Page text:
For those of us who do not have the majority of the day to devote to various yogic practices, Ashtanga Yoga, as taught by Sri K. Pattabhi Jois, can combine all eight limbs into one practice.
The Breath, the Bandhas, and Drishti – Key Aspects of the Practice
The breath is the most central aspect of this practice. During the practice we use a loud breath; “Breathe with sound,” Pattabhi Jois (Guruji) instructed. The sound is created in the back of the throat and can sound like an ocean in the distance, or like water running through a faucet. While the breath should be loud and strong, it should not be forced but instead should follow the rhythm of your natural breath – “free breathing,” Guruji would say. Within one breath, the inhalation and exhalation should be the same length. (That length may change, though, depending on the posture.) One should never hold the breath during this particular asana practice. The breath should keep moving, and it is in fact what moves us through the practice.
While the postures we practice help us to cleanse our bodies and to shape them in a way that is most beneficial for prana or energy to run through them, the fundamental work being done during our practice is on a subtle level. While one purpose of breathing with sound is to help create an internal heat in the body, which leads to a general detox as impurities are “burned away,” or sweated out of the body, the bigger purpose of the loud breath is to fill the mind, drowning out one’s internal dialogue and leaving no room for thoughts. What is our main purpose in practicing yoga? Self-realization. How do we realize the Self – our true, Divine inner nature? Shut off that mind, which is not the true self but rather a tool of the ego. Who are we when the thoughts stop? As we are taught in Patanjali’s Yoga Sutras, yoga is the cessation of thought waves in the mind. When this is experienced, we stop separating ourselves from the Universal; through stilling the mind, we achieve union (yoga) with our divine Source.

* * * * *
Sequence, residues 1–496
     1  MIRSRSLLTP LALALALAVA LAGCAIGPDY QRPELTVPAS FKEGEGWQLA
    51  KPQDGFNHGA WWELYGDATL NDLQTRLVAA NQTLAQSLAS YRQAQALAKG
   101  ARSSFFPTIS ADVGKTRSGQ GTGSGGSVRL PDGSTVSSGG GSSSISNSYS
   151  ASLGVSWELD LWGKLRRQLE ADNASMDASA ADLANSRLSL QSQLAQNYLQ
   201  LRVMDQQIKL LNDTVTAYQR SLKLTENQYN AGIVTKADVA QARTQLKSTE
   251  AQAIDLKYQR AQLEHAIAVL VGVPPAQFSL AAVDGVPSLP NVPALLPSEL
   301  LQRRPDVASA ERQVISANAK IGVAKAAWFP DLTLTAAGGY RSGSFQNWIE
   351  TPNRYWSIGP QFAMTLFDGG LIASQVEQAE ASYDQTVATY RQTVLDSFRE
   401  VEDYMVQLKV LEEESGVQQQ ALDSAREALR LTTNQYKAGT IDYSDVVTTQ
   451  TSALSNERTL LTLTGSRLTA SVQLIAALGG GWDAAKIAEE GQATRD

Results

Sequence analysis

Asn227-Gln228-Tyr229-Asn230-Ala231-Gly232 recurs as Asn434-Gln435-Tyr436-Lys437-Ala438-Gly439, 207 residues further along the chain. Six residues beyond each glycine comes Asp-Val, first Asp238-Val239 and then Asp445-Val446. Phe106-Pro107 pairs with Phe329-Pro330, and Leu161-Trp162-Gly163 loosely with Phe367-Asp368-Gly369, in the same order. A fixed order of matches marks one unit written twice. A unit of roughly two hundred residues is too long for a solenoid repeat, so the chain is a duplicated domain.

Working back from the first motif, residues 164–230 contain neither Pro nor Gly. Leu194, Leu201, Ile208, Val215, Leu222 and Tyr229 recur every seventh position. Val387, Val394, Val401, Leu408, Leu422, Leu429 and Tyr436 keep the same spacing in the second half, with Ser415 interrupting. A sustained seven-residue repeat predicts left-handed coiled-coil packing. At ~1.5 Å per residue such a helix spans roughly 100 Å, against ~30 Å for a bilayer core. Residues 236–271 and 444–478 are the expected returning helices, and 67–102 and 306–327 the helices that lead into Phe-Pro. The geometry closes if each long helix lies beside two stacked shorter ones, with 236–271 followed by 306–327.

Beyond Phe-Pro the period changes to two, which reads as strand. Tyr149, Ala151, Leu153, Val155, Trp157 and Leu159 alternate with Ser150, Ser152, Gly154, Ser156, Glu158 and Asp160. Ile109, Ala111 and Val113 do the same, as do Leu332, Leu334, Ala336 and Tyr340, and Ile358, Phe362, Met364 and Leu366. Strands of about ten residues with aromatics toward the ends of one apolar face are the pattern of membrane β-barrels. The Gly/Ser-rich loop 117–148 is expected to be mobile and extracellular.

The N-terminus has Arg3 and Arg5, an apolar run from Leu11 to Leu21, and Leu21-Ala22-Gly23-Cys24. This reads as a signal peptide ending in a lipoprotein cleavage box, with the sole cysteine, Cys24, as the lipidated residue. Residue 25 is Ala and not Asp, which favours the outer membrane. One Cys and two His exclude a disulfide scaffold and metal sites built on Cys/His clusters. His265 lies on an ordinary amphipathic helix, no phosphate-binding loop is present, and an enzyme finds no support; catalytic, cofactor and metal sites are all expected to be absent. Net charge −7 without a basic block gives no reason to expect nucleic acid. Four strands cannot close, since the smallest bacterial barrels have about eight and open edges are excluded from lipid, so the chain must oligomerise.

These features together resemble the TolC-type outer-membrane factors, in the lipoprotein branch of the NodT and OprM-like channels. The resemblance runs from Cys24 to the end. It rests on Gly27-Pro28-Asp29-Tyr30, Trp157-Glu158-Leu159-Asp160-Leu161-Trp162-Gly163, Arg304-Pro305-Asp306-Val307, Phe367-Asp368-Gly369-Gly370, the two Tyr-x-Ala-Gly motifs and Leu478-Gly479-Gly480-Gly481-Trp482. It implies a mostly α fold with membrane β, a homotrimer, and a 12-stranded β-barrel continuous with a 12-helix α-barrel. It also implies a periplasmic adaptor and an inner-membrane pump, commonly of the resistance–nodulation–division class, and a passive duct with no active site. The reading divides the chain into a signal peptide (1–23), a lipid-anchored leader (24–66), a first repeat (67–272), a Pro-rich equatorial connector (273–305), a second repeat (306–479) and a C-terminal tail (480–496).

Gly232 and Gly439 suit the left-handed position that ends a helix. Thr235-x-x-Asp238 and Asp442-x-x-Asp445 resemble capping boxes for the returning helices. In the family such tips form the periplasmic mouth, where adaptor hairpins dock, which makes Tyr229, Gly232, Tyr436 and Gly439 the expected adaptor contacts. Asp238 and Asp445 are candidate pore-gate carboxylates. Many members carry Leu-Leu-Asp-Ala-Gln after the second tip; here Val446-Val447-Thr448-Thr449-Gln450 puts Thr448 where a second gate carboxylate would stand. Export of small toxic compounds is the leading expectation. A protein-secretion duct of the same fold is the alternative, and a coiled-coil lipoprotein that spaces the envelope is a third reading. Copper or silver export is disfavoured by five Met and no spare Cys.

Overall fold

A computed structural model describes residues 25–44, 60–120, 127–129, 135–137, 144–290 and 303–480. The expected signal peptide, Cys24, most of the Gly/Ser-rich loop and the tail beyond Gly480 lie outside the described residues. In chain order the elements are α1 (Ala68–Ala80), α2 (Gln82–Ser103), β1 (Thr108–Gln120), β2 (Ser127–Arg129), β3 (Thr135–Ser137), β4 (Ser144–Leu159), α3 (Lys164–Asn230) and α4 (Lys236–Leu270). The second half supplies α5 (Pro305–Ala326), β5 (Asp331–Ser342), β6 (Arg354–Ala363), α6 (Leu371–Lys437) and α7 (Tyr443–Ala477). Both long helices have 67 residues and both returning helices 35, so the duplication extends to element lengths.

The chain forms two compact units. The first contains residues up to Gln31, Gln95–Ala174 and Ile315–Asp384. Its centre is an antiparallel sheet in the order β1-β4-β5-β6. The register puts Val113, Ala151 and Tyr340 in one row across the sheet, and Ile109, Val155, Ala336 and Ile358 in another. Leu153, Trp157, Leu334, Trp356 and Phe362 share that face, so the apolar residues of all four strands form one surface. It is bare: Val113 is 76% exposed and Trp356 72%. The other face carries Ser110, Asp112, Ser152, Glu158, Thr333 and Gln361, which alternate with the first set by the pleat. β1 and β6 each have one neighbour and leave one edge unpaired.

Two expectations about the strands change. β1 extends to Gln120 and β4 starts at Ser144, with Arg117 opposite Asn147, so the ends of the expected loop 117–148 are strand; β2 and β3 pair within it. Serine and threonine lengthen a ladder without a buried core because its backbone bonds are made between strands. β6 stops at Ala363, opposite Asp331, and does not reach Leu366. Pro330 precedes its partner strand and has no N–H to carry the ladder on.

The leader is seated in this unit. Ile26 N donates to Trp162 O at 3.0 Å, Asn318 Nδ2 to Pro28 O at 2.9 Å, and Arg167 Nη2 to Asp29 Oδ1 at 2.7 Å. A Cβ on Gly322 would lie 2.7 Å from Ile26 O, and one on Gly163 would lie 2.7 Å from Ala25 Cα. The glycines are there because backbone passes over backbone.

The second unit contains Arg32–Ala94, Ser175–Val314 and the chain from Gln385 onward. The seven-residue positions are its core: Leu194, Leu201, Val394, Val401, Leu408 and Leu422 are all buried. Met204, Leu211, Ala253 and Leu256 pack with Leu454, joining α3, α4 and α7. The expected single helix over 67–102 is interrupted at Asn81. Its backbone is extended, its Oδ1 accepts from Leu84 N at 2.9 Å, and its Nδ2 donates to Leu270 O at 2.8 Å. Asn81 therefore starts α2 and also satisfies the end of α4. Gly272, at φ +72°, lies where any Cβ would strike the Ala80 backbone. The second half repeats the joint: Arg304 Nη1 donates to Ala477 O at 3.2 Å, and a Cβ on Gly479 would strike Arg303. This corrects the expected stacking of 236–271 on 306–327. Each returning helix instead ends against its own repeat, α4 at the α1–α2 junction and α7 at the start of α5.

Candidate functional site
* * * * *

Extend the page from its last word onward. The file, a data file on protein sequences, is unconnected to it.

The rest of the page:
The breath, which serves as a doorway into the energy body, can work in various ways as a tool to stabilize the mind. This can be seen even in the simple example of someone who is upset or angry taking a few deep breaths in order to calm down. Steadying the breath steadies the mind, as the mind naturally follows the breath; so when the breath is calm, the mind becomes calm. In Ashtanga Yoga, the audible breath mainly serves to still the mind by pushing one’s thoughts from it, by drowning them out. But it also draws our attention inward and away from external sounds. This is a technique of pratyahara– withdrawal of the mind from the senses – the fifth of the eight limbs of Ashtanga yoga. Senses deliver fuel for the mind in the form of sense objects (and in turn the mind tends to develop desires, which leads to suffering). But without the distraction of the fuel of the senses, the mind can become reabsorbed into its Source.